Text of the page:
BOOK DETAILS

Echoes In The Walls

Echoes In The Walls

by Katrina Morgan

ASIN: B004N6283Y

Publisher Xlibris Corporation

Published in Self-Help/Motivational, Nonfiction

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Book Description

This true story chronicles one family's decision to sell a brand new home in suburbia to tackle the renovations of a ramshackle 1840's farmhouse. Their idyllic dreams turn to nightmares very quickly as what can go wrong, does.

Laugh aloud as they battle raccoons, bats, bones and things that go bump in the night. The ninety day time frame turns into a harrowing, hilarious, roller-coaster of a ride.

"Morgan describes each catastrophic event with gusto. Some scenes are hilarious enough for a sitcom. "

--Blue Ink Review, April 2011

Sample Chapter

I leaned closer to the mirror, not really believing how deep and dark the circles were. I smeared makeup under my eyes, attempting to disguise the discoloration. With my hands up to my face, I couldn’t help but notice the details. My nails were jagged, and dirty. The chorus of calluses running across my palms had nearly grown together, forming large, leathery appendages. Mottled bruises ran up and down my forearm, mixed generously with cuts, scrapes and Band-Aids. “Jesus, girl.” I said to my reflection. What the hell had happened to me, and how did it get so bad?

I’d lost at least ten pounds and so had John—weight we could ill afford to give. We hardly recognized ourselves anymore. John actually looked worse than I did, since he wasn’t comfortable applying makeup. We both avoided mirrors and calendars as much as possible. I shook my head trying to remember the last four months and how the insanity had begun.

Perhaps it had been the bitter cold blowing malcontent through chinks in our walls. Or, maybe it was the moving into a new century and the self-examination such a milestone brings. Whichever, the year or the cold, January had found us edgy, unhappy and myopic in our view of each other. We felt closed in by the prolixity of our neighbors and our own incessant restlessness. Something needed to change.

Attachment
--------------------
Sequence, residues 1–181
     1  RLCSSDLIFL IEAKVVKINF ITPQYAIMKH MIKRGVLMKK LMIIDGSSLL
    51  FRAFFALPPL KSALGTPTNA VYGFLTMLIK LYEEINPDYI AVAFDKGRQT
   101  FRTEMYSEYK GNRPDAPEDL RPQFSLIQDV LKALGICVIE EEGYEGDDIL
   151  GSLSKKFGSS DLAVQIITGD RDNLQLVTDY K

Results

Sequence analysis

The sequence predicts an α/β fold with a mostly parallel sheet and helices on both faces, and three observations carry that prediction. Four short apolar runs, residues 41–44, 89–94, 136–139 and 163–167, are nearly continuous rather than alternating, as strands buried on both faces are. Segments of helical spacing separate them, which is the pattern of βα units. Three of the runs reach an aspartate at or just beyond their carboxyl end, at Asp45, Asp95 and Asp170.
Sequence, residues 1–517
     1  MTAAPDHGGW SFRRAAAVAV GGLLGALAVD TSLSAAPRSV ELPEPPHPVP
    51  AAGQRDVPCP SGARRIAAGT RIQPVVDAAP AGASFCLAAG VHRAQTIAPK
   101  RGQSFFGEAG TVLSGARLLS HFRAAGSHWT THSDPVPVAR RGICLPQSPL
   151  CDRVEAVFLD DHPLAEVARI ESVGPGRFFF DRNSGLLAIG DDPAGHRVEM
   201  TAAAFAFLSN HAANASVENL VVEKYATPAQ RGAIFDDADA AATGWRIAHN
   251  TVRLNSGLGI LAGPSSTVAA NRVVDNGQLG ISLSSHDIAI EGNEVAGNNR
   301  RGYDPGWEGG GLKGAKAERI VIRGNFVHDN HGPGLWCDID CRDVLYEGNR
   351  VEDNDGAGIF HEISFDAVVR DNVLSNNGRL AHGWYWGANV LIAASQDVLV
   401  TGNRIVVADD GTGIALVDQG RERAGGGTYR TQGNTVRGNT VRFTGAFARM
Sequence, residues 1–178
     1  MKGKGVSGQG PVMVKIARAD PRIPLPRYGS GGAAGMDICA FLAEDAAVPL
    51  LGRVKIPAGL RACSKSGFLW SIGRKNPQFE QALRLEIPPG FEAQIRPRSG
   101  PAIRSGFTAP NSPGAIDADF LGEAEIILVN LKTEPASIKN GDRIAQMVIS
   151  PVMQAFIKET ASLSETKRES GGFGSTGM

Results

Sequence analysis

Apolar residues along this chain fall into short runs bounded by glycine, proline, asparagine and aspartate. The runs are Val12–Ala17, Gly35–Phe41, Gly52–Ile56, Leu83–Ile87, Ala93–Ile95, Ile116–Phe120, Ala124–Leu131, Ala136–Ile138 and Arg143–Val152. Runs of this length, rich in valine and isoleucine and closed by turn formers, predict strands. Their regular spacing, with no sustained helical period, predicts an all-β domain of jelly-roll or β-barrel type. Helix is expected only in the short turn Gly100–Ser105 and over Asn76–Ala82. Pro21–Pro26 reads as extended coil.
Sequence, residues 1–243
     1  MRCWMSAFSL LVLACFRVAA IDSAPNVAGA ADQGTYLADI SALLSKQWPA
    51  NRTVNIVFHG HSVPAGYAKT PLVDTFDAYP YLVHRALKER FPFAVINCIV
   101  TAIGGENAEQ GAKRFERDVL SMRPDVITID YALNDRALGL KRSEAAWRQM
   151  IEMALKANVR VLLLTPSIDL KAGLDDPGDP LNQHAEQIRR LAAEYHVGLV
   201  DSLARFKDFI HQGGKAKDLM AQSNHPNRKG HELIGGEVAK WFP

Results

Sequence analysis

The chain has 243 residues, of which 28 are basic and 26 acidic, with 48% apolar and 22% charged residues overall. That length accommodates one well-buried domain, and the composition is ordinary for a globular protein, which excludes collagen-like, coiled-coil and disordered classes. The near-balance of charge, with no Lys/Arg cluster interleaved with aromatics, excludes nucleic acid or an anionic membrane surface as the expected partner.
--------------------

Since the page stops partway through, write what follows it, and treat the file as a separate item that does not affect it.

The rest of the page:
We were living in our sixth house and still hadn’t found a place we wanted to call home. The first few houses had been purchased with the idea of remodeling and turning ordinary homes into places that would make us proud. We’d sold them, and our dreams, for profit, forgetting why we’d started such adventures. We’d bought bigger and better, following society’s map for success. We’d always upgraded but kept them carefully neutral in case something better came along. The current address, despite having been recently built, was no exception.

Cautiously, carefully, we unfolded an old dream. We’d meant to protect it, had folded it away for safekeeping, but like an old newspaper, its edges were yellowed, brittle with eighteen years of lying dormant.

Homes for Sale booklets were stacked on the kitchen counter. The newest one was splayed open on the table while John sat with elbows propped, holding onto his forehead. It was nearly impossible to concentrate with the noise and confusion.

We had seven children at the house--our own three and four additional neighbor children we were watching for a sick friend. I was wild-eyed and frazzled with trying to get kids, aged two to seventeen, fed, showered and settled in for the evening.

“I can’t find my pillow,” someone complained. Was it Michael or my friend’s son? Being nearly joined at the hip, their eight-year-old voices and mannerisms were barely discernible.

“Who spilled Kool-Aid on my homework?” The girl, Aimee, glared suspiciously at her brother and Michael.

Pulling at my sleeve, my chunky two-year old Spencer demanded attention, “I need a ‘nack.”

The other two neighbor children, also toddlers, came running at the prospect of food. Spencer wedged himself between them, and me establishing his territory.